Fischer: Not old, and not new
By Travis Fischer, email@example.com
As one of the wisest philosophers of our time once said, “The years start coming and they don’t stop coming. Read through the rules and you hit the ground running.”
When I started my senior year of high school, I walked into my local newspaper office with a consumer grade digital camera and asked if they’d be interested in hiring me as a photographer.
Who would have guessed that would have been the start of what is now a 20-year career in the newspaper industry?
Where did the time go?
I just turned 38 years old. Normally, that wouldn’t be a particularly landmark birthday. I’m well into the age where one year starts rolling into the next and each one feels shorter than the last. You know you’ve settled into adulthood when you start to recognize routines on an annual basis.
This year is different though. I’ve just left a company I’ve worked at for 15 years to take on a new job in a new city. Naturally, as a result, my normal routines have been pretty substantially disrupted.
It’s kind of wild to have such a clearly defined break in life events. As we get older, we get settled into our routines and habits. It gets harder to think about doing different things. Now I’ve got an opportunity to really reassess what it is I’m doing and where I want to go.
Taking a new job, looking at moving to a new city (not quite there yet), I may even look into going back to school to finish off my degree.
After all, I’m still young, right?
Middle age is a trip. Not quite looking at retirement yet, but definitely no longer the kid I was when I started.
I’ve always been young at heart. I never felt the need to “put away my childish things” as I grew into adulthood. Comic books, video games, fantasy novels – I’ve generally maintained an interest in the same things that captured my imagination as a kid.
That, at least, is something I have no intention of changing. What is going to take some getting used to is that a fair number of my “childish things” now appear old and archaic to the next generation.
I’ve always been a fan of Sonic the Hedgehog, the 90’s Sega mascot that has seen a nice resurgence in popularity lately thanks to a successful movie and a handful of well received games. I didn’t expect to feel my own age last week when, while browsing the internet, I came across a young gamer asking if it was true that the original video game didn’t have a save feature.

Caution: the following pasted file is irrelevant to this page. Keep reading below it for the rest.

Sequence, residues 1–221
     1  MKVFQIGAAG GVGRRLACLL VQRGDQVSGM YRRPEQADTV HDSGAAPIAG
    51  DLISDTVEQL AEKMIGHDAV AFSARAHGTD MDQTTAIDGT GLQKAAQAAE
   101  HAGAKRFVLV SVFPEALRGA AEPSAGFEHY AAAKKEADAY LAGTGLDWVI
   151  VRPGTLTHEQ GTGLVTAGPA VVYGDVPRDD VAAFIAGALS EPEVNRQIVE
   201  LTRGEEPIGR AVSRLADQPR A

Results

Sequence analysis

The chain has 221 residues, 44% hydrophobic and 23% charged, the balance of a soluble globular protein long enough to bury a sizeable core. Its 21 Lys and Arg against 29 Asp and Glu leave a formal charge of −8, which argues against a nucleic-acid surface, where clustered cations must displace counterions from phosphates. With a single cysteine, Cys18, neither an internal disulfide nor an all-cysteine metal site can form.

Yes, young one. Back in my day you had to play the entire game in one sitting. If you lost all your lives, you got a Game Over and had to start over from the beginning. If you turned the console off, you lost everything and had to start over from the beginning. Naturally, we did this after walking home from school, up hill, both ways, in the snow.
It used to be that having a familiarity with geek culture kept me feeling young. For years I’ve written a column translating the nuances of comic book movies, technology, and other “young” inclined topics for the elder generation.
Now, all of a sudden, knowing things about a children’s video game makes me feel old.
I guess this is how it goes for everybody. I’m sure there is a reader out there who once had to explain what “Howdy Doody” was to their kids that can relate.
It’s a lot to take in, but life happens. Things change. Sometimes it happens gradually. Sometimes it happens very quickly.
It’s a strange thing to reassess who you are and what your place in the world is, but it’s not the worst thing in the world. Getting older still beats the alternative.
— Travis Fischer is a news writer for the Charles City Press and has his whole life ahead of him, … or half of it at least.